Apart from the well known biholomorphic maps from $D=\{|z|<1\}$ onto itself of the form $f(z)=e^{i \theta}\frac{z-a}{1-\overline{a}z}$ ($|a|<1$, $\theta$ real), are there any holomorphic maps from $D$ onto $D$ with nowhere vanishing derivative?

So, I am looking for a holomorphic $g: D\to D$ such that $g(D)=D$, and $g'(z)\not=0$ for all $z\in D$, and $g$ is not of the form as the $f$ above. If there are any, they cannot be one-to-one, this is all I know.


There do exist such maps. I've been putting off posting this answer because I haven't been able to figure out how to give the proof without relying on a picture. But since there's been an answer posted asserting the contrary it seems I should post this anyway.

If $M$ is a Riemann surface lying "over" the plane let $\pi:M\to\Bbb C$ be the "projection" "down" to the plane. I claim this:

There exists a simply connected Riemann surface $M$ lying over the plane, such that $\pi(M)=O$ is a bounded simply connected open set, but such that $\pi$ is not injective.

If nobody believes that I'll find a way to post a picture. If you think it's obviously not so I suspect that you're consciously or unconsciously assuming that $\pi$ must be a covering map. In the example I have in mind $\pi^{-1}(p)$ has one, two or three points for various $p\in O$.

If you believe that we're done:

Note that $M$ does not have the plane or the sphere for its universal cover. Let $\phi:\Bbb D\to M$ be a conformal equivalence. Let $\psi:O\to\Bbb D$ be a conformal equivalence. Let $g=\psi\circ\pi\circ\phi$.

  • $\begingroup$ I think adding an image would help people seeing how it works. $\endgroup$ – Daniel Fischer Aug 23 '15 at 21:01
  • $\begingroup$ @DanielFischer You're definitely right about that. But I have to draw it somehow... $\endgroup$ – David C. Ullrich Aug 23 '15 at 21:03
  • $\begingroup$ Yep. Rather you than me ;) $\endgroup$ – Daniel Fischer Aug 23 '15 at 21:05
  • $\begingroup$ @DanielFischer LLOL. (Literally laughing out loud...) $\endgroup$ – David C. Ullrich Aug 23 '15 at 21:05

The argument below is incorrect. Indeed, following the same logic one could "prove" that a surjective entire function $f:\mathbb{C}\to\mathbb{C}$ with nonvanishing derivative must be linear; a claim disproved by the example of $f(z) = \int_0^z \exp(-\zeta^2)\,d\zeta$. This example illustrates the problem with the argument: trying to analytically continue the inverse (e.g., along the positive real axis), one runs out of the domain (into infinity) when approaching $\sqrt{\pi}/2$.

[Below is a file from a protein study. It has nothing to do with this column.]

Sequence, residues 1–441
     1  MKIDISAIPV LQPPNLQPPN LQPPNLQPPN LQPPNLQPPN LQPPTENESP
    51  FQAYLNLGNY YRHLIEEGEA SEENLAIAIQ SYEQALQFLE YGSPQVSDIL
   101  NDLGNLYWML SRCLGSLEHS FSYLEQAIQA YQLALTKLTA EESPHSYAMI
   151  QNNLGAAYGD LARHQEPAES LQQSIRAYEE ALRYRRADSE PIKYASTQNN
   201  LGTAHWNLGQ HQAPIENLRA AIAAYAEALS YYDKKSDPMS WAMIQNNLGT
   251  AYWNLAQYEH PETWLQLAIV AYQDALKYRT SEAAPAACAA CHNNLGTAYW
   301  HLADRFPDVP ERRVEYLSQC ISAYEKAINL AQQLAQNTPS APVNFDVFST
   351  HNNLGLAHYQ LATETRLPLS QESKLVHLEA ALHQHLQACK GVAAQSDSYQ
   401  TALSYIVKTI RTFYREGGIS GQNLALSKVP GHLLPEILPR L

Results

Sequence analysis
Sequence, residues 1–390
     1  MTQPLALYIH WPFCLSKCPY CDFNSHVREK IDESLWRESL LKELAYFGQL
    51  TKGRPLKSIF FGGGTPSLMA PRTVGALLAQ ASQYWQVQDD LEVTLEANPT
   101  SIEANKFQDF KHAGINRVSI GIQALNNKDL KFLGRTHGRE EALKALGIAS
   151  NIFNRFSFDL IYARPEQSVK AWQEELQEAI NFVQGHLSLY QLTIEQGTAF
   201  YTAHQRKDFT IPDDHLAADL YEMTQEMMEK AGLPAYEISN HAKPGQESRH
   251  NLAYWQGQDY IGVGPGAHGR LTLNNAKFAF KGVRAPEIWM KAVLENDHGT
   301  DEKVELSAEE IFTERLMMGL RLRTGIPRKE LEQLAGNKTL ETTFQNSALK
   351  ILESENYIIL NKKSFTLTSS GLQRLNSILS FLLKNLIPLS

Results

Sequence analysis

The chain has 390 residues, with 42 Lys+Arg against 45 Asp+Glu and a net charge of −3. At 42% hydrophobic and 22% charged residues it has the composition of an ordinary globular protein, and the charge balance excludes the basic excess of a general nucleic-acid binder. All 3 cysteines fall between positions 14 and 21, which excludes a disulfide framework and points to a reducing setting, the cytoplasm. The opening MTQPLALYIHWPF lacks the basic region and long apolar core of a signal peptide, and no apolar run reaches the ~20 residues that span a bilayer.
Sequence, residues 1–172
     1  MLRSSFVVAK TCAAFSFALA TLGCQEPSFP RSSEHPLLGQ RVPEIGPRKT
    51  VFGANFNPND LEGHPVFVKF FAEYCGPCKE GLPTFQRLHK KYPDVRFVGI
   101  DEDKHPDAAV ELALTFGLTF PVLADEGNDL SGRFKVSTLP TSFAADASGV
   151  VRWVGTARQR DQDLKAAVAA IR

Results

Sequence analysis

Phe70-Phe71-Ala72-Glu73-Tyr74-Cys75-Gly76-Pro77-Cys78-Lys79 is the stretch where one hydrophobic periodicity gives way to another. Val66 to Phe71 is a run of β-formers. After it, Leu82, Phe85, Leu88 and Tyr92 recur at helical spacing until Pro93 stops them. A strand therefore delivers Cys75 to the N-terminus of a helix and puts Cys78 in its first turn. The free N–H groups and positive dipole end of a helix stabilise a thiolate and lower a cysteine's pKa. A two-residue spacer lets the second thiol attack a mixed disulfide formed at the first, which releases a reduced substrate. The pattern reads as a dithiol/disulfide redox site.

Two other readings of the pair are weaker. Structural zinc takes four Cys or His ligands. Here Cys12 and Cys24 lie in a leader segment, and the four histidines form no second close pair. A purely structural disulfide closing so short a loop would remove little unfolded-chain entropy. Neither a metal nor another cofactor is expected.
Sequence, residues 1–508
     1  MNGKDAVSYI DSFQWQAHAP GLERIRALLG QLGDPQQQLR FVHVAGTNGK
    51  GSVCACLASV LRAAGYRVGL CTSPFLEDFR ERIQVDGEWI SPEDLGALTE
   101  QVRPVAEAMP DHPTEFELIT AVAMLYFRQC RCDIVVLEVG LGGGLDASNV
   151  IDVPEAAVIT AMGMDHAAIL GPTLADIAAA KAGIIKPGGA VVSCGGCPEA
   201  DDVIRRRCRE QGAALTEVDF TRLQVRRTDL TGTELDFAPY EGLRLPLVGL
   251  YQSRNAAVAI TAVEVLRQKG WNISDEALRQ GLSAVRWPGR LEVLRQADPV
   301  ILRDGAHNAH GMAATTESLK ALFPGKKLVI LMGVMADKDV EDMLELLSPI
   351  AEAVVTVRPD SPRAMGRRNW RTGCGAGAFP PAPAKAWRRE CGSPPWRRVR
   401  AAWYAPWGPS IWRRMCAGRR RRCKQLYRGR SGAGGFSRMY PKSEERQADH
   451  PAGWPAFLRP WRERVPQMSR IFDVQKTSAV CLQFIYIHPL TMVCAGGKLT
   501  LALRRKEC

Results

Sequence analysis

There are no such maps, by the Monodromy theorem. Indeed, $g$ has an inverse $g^{-1}$ in a neighborhood of $0$, which can be analytically continued along any path in $D$ because $g$ has no critical values. And since $D$ is simply-connected, these extensions define a holomorphic map $h:D\to D$ such that $g\circ h$ is the identity map. If the range of $h$ is all of $D$, then $g$ is bijective. Otherwise, $D\cap \partial (h(D))$ is nonempty, and by continuity $|g|=1$ on this set, contradicting the maximum principle.

  • $\begingroup$ Seems to me there are such maps, haven't been able to come up with a good explanation without drawing pictures. Regarding what you wrote, I don't get it. Yes, $g$ is injective in some disk $D(0,r)$. So the restriction of $g$ to that disk has an inverse $h_0$. But the domain of $h_0$ is not $D(0,r)$,, so I don't follow the part about continuing $h_0$ along any curve. (Hmm. If $\gamma$ is a curve starting at $0$ then maybe we can continue $h_0$ along the curve $g\circ \gamma$. But curves of that form do not give "any" curve...) ??? $\endgroup$ – David C. Ullrich Aug 23 '15 at 19:46
  • $\begingroup$ Ok, we want to talk about Riemann surfaces lying over the disk great. Why does no branch points imply it splits into disjoint sheets? That's exactly what seems somewhat not so to me. The point is that the multivalued $g^{-1}$ need not be a covering map! In the example I have in mind there are points of the disk lying below just one point of the surface, but which are limits of point of the disk lying below two points of the surface... $\endgroup$ – David C. Ullrich Aug 23 '15 at 19:56
  • $\begingroup$ Hmm, your comment seems to have disappeared. Presumably you deleted it. Possibly if you think about why it needed to be deleted that will lead you to the example I have in mind... $\endgroup$ – David C. Ullrich Aug 23 '15 at 19:59
  • $\begingroup$ Consider the answer I just posted - explains what I have in mind at least somewhat. $\endgroup$ – David C. Ullrich Aug 23 '15 at 20:41
  • $\begingroup$ Indeed, it need not be the case that $g^{-1}$ can be analytically continued along each curve, the continuation "$g^{-1}\circ \gamma$" may reach the boundary before $\gamma$ ends. $\endgroup$ – Daniel Fischer Aug 23 '15 at 20:58

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